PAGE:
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Box Office: 'Godzilla' Destroys Box Office, but What About 'Million Dollar Arm'?

Thompson on Hollywood By Tom Brueggemann | Thompson on Hollywood May 18, 2014 at 2:16PM

Warner Bros.' "Godzilla" reboot took in more than half of the Top 10 gross this weekend, and became the third $90 million-plus opener since early April. The haul brought the total gross for these films to $169 million, a decent jump from $146 million last year -- when "Iron Man 3" was king of the box office. The strength of 2013's late May releases, which included "Fast and Furious 6," "Hangover 3" and "Epic," may be tough to match.
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Godzilla

Warner Bros.' "Godzilla" reboot took in more than half of the Top 10 gross this weekend, and became the third $90 million-plus opener since early April. The haul brought the total gross for these films to $169 million, a decent jump from $146 million last year -- when "Iron Man 3" was king of the box office. The strength of 2013's late May releases, which included "Fast and Furious 6," "Hangover 3" and "Epic," may be tough to match. But for studios, the decent showings for the more expensive films, along with the continued strength of a lower-budgeted series, hits make the overall results positive as we head into the biggest grossing period of the year (Memorial Day weekend - through mid-July).

1. Godzilla (Warner Bros.) NEW - Cinemascore: B+; Criticwire: B; Metacritic: 62

$93,205,000 in 3,952 theaters; PSA (per screen average): $23,584; Cumulative: $93,205,000

If it's May 16-18, it must be Godzilla's turn to open to $90 million+ for a weekend (+Thursday night early shows). This was actually higher than pre-opening estimates suggested, although the film ended up dropping more on Saturday than expected (-17% from the combined Thursday night/Friday number, more than either other recent huge openers "Captain America: The Winter Soldier" or "The Amazing Spider-Man 2" did).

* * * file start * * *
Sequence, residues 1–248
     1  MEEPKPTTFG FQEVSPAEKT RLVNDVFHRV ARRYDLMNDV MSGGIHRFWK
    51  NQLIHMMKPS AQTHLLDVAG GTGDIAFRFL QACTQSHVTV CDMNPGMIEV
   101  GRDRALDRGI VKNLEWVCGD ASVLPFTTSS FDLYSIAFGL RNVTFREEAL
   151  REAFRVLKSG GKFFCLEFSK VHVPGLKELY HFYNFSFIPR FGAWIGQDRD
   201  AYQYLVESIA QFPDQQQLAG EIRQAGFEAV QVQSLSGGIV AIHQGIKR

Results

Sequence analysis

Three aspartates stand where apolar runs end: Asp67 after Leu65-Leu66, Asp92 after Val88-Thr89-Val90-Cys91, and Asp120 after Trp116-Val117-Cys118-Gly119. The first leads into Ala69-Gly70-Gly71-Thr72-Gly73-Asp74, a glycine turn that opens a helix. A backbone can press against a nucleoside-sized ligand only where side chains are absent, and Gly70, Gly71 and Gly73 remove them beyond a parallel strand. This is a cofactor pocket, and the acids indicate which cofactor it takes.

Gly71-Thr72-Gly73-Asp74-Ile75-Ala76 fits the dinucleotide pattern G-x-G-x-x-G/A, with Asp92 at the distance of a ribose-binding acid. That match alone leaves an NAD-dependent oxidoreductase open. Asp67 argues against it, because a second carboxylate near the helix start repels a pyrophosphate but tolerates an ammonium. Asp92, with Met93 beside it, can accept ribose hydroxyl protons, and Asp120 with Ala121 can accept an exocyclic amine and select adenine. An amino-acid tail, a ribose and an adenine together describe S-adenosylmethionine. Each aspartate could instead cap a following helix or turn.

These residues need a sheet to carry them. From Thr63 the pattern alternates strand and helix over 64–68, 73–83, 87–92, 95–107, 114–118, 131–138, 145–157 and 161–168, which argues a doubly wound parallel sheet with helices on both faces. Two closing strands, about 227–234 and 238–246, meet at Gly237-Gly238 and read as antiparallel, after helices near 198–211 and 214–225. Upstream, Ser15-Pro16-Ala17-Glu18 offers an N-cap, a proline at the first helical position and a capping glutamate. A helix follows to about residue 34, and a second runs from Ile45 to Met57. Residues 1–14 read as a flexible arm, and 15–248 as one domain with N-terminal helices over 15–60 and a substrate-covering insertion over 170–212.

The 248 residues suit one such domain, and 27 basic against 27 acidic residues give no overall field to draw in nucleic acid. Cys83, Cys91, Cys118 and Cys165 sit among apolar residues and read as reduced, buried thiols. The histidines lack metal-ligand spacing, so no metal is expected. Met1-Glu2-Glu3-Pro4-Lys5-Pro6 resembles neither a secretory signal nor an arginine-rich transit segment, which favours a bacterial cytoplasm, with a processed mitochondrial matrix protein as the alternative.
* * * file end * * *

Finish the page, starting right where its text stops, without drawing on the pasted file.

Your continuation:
"Godzilla" was a bit more of a mystery than those two films, in part because it doesn't have the surefire Marvel pedigree or the benefit of the presell of being a sequel. Though it is an iconic name brand, the 16 years since Roland Emmerich and Sony first tried to reboot it is an eternity in the movie franchise world. (The lack of sequels back then also made this fresher). Another real boost is its greater-than-normal appeal in 3D -- Warner Bros. reports that 51% of attendees bought higher-priced tickets in that format, above normal these days, with IMAX also reporting the best number for the year so far.

This is performing much better than the original so far - the 1998 version opened to $44 million without the 3D price enhancements; the inflation adjusted figure would still have been much less (under $70 million). That film went on to $136 million and $379 million worldwide in 1998 figures. For its time, the international take was extremely high -- which is more common now. Warner Bros. will shortly report initial international totals, but they should be strong.